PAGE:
Temporal Query Types
Point-in-time, range-based and more...
3 min read
At the time of writing this post, all of RecallGraph's API endpoints are designed to serve a particular type of temporal query, viz. point-in-time queries.
However, there are actually several classes of temporal queries that a temporal database could potentially support. Some of them may be achieved on RecallGraph, albeit by clever usage of parameter combinations on certain general purpose endpoints.
Temporal Query Classes
This is what most people will already be familiar with. Running a point-in-time query effectively amounts to asking a question on a historic snapshot of the data. Your data has a certain state at any given time, which gets modified through write-actions performed on it from time to time.
If you could rewind the clock and get back the state of the data as it was at a particular time in the past, you could then run queries on that state as if it were the present. This is exactly what a point-in-time query does.
Extending the analogy of rewinding the clock in the section above, imagine replaying the events from a specific historic time point, up to another time point relatively in the future (this could be another historic time point, the present or even a time in the future). During the replay, you gather certain data points of interest as you travel along the timeline. Once you're done traversing the time interval, you report back the data points that have been collected.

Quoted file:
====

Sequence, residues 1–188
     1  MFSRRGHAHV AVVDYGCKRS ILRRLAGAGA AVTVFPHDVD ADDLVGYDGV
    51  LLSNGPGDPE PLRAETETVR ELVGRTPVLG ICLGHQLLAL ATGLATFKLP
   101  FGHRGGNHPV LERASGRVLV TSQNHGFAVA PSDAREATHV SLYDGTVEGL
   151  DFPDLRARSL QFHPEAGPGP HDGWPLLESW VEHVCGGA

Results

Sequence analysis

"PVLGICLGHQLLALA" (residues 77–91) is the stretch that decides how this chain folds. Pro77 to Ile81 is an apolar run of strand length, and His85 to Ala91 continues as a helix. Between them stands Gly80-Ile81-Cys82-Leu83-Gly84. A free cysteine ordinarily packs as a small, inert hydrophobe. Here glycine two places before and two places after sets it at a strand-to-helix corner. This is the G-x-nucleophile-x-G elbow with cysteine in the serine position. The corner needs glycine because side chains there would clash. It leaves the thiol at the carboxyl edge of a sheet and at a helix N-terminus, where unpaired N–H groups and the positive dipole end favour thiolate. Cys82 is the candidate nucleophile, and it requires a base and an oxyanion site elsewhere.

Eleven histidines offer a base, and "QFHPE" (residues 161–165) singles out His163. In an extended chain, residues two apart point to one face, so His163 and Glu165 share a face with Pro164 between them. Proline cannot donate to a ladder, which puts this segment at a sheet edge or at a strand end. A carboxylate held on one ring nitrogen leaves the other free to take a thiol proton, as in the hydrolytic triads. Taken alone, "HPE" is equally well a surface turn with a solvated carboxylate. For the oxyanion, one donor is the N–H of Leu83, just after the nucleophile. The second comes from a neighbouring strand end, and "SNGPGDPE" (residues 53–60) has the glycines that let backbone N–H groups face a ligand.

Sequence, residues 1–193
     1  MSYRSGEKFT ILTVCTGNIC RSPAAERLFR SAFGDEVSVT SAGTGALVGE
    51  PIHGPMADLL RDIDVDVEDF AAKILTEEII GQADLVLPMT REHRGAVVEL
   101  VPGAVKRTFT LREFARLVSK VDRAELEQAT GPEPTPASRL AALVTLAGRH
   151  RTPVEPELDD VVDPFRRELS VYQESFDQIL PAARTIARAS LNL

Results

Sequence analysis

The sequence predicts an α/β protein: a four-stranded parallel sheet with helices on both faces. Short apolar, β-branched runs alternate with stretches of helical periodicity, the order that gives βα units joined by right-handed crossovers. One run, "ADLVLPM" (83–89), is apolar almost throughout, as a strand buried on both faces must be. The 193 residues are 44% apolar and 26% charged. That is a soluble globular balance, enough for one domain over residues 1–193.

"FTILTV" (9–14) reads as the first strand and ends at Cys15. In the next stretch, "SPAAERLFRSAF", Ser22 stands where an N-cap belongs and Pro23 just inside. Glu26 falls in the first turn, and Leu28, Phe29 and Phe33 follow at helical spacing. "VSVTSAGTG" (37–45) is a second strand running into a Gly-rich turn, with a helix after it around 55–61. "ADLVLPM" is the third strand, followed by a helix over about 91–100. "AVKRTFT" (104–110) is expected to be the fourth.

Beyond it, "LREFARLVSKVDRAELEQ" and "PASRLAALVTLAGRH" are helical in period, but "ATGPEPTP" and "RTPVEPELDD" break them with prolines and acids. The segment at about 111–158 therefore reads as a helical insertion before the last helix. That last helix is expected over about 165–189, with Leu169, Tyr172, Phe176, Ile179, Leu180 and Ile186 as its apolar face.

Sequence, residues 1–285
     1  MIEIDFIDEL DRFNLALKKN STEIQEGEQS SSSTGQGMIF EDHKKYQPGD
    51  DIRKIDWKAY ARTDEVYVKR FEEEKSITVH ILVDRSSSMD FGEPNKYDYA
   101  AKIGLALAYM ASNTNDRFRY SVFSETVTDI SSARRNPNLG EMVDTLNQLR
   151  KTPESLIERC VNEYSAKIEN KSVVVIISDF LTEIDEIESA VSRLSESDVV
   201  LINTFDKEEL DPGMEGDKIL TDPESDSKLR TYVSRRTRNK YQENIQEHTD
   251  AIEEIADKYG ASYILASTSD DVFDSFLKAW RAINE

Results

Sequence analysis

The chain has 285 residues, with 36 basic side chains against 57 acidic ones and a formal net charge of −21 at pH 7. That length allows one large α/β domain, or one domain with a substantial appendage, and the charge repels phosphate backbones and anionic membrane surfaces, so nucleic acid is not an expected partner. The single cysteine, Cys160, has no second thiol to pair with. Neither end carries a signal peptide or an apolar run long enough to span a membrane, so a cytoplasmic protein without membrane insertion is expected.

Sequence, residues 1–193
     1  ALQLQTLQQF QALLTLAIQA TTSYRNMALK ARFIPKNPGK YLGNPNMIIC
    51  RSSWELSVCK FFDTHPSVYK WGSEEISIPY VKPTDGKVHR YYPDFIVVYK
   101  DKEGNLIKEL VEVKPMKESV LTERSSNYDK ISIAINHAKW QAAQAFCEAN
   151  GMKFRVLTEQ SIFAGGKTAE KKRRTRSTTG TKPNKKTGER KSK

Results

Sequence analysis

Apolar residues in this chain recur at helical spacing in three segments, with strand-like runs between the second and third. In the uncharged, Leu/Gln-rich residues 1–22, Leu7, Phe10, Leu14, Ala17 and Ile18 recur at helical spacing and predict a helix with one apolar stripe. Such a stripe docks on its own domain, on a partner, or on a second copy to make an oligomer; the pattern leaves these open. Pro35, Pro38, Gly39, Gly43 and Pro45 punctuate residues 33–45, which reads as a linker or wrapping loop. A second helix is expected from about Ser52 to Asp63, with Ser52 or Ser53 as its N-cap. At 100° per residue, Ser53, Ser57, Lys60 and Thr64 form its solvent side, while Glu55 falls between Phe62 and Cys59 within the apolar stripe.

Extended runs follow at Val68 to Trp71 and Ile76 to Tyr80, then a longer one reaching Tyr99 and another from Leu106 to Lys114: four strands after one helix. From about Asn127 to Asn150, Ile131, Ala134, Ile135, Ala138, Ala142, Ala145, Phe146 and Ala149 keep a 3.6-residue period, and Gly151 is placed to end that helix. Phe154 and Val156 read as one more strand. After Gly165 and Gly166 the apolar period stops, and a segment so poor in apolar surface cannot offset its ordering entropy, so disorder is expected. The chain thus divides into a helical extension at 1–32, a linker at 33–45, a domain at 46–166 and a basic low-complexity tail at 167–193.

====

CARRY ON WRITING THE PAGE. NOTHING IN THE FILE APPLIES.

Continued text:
This could be used, for example, to identify all objects that were alive during the interval (the entire interval or a portion of it). These could additionally be also required to satisfied a bunch of provided filter criteria.
This is the converse of the point-in-time query. Here, given certain objects and a bunch of filter criteria, we ask the database to search through the entire timeline for a point (or points) where the given objects had states that satisfied the filter criteria.
For example, this could be used to find the most recent time when the prices of all flight tickets between two cities were below a certain threshold.
Extending the time-point-lookup concept described above, this query asks for an interval (or all intervals) where the object states matched the provided filter criteria.
For example, we could use this to find the largest interval during which all objects matching a filter criteria were alive through the interval.
Appendix: Temporal Traversals and Analysis
All the query classes described above pertain to individual document states, and hence are largely agnostic to the database's underlying model (KV/Document/Relational/Graph).
In the context of graph traversals specifically, there are a number of additional temporal query types that can be defined, specifically pertaining to traversing temporal graphs or networks. This is a large field of study with research on the state-of-art still ongoing, esp. on temporal network analysis.
Many definitions are still being drafted and revised, but a few patterns seem to have emerged already. These are briefly explored in the following Wikipedia article - en.wikipedia.org/wiki/Temporal_network.